A report from the U.S. Department of Health and Human Services' (HHS) Agency for Healthcare Research and Quality (AHRQ), reveals that adult women who suffer from urinary incontinence can benefit by performing pelvic floor muscle training exercises that have no adverse effects. The report also found that although medication treatments can be effective, their benefits are low and adverse effects are common.
The report, published in Annals of Internal Medicine, is a comparative effectiveness review prepared for AHRQ's Effective Health Care Program by the Minnesota Evidence-based Practice Center.
Carolyn M. Clancy, M.D., AHRQ Director, explained:
"Urinary incontinence can affect women in a variety of ways, including physically, psychologically and socially - and some of these impacts can be severe. This new report will help women and their clinicians work together to find the best treatment option based on each patient's individual circumstances."
Approximately 25% of young women, up to 57% of middle-aged and postmenopausal women, and around 75% of older women in nursing homes suffer from urinary incontinence. Urinary incontinence can inflict considerable and potentially debilitating lifestyle restrictions. In 2004, the United States spent around $19.5 billion on incontinence care. In addition, one estimate reveals that the annualized cost of women's nursing home admissions due to urinary incontinence was $3 billion and 6% of nursing home admissions of older women were due to urinary incontinence.
In this study, the team focused on stress incontinence and urgency incontinence. Stress incontinence is the inability to retain urine during sneezing or coughing and urgency incontinence is a sudden compelling urge to urinate that results in involuntary loss of urine.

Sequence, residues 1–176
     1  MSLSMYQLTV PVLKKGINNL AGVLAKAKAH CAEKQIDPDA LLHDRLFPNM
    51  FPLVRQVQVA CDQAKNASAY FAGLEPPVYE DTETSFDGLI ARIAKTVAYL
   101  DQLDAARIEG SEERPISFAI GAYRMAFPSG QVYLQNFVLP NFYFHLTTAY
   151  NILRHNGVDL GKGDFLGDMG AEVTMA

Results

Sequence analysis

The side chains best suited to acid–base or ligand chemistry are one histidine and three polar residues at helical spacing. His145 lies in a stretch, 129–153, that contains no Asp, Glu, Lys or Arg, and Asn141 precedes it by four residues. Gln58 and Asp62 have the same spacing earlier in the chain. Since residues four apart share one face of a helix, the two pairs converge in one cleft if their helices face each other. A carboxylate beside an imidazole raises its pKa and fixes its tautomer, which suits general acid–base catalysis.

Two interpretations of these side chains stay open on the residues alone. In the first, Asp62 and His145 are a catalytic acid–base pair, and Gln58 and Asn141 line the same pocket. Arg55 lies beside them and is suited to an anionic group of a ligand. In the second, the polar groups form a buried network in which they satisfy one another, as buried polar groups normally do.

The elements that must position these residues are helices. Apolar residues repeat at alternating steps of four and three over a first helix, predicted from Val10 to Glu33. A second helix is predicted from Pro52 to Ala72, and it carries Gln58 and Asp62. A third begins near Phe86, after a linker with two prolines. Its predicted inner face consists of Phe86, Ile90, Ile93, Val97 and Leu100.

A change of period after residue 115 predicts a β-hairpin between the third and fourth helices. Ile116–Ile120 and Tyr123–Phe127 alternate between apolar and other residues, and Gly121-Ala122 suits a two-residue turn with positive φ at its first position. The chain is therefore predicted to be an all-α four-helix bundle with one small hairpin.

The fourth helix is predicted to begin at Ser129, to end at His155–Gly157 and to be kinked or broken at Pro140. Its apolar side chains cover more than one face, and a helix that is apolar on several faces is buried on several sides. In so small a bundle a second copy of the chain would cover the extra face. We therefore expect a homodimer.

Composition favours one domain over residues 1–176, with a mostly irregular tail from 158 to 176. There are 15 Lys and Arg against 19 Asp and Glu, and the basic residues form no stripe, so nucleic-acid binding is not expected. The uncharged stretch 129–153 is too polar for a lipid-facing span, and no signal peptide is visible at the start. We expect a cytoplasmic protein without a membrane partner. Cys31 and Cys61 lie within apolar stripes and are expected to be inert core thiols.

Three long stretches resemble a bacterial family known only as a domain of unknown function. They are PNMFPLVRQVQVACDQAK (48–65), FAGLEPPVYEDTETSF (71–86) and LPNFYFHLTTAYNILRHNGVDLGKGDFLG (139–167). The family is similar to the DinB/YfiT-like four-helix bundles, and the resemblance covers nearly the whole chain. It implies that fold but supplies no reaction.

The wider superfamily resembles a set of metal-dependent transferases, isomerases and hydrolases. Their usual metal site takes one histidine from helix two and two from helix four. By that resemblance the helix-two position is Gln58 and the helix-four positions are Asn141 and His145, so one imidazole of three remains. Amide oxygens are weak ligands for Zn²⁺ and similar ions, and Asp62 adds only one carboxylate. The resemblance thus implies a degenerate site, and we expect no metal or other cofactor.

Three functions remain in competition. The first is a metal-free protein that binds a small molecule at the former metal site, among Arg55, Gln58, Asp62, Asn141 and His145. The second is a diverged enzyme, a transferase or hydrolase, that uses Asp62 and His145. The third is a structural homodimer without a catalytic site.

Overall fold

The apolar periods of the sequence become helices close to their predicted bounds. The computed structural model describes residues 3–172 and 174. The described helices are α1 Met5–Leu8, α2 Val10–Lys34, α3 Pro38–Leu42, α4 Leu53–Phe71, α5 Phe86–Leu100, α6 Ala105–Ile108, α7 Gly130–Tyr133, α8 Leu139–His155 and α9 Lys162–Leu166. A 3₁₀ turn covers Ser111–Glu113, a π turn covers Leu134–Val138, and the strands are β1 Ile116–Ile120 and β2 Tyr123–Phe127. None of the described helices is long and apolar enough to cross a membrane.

According to the researchers, both stress and urgency incontinence usually occur when the urinary sphincter fails, often due to weak pelvic floor muscles. Pelvic floor muscles support the bladder, uterus and other pelvic organs.
The researchers found that exercises designed to increase the strength of the pelvic floor muscles (similar to Kegel exercises) were effective in a women's ability to hold their urine. These exercises, in addition to bladder training, improved both stress and urgency incontinence.
Although the report found that estrogen treatment was effective in treating stress incontinence, it also had some adverse effects. Furthermore, another medication called duloxetine (antidepressant) was found to be ineffective and had a high risk of adverse effects.
According to the report, the drugs reviewed were comparable in effectiveness, although more women discontinued treatment with some drugs as a result of adverse effects. The report will help patients and clinicians select the best treatment options with the most benefits and least harms, via its comprehensive information regarding each medications adverse effects.
Even though there is significant evidence on clinical measures for treatment of the condition, such as grams of urine lost, there are less measures of quality of life associated to urinary incontinence and its treatments.
The report, Nonsurgical Treatments for Urinary Incontinence in Adult Women: Diagnosis and Comparative Effectiveness, is the latest comparative effectiveness review from AHRQ's Effective Health Care Program.
Written By Grace Rattue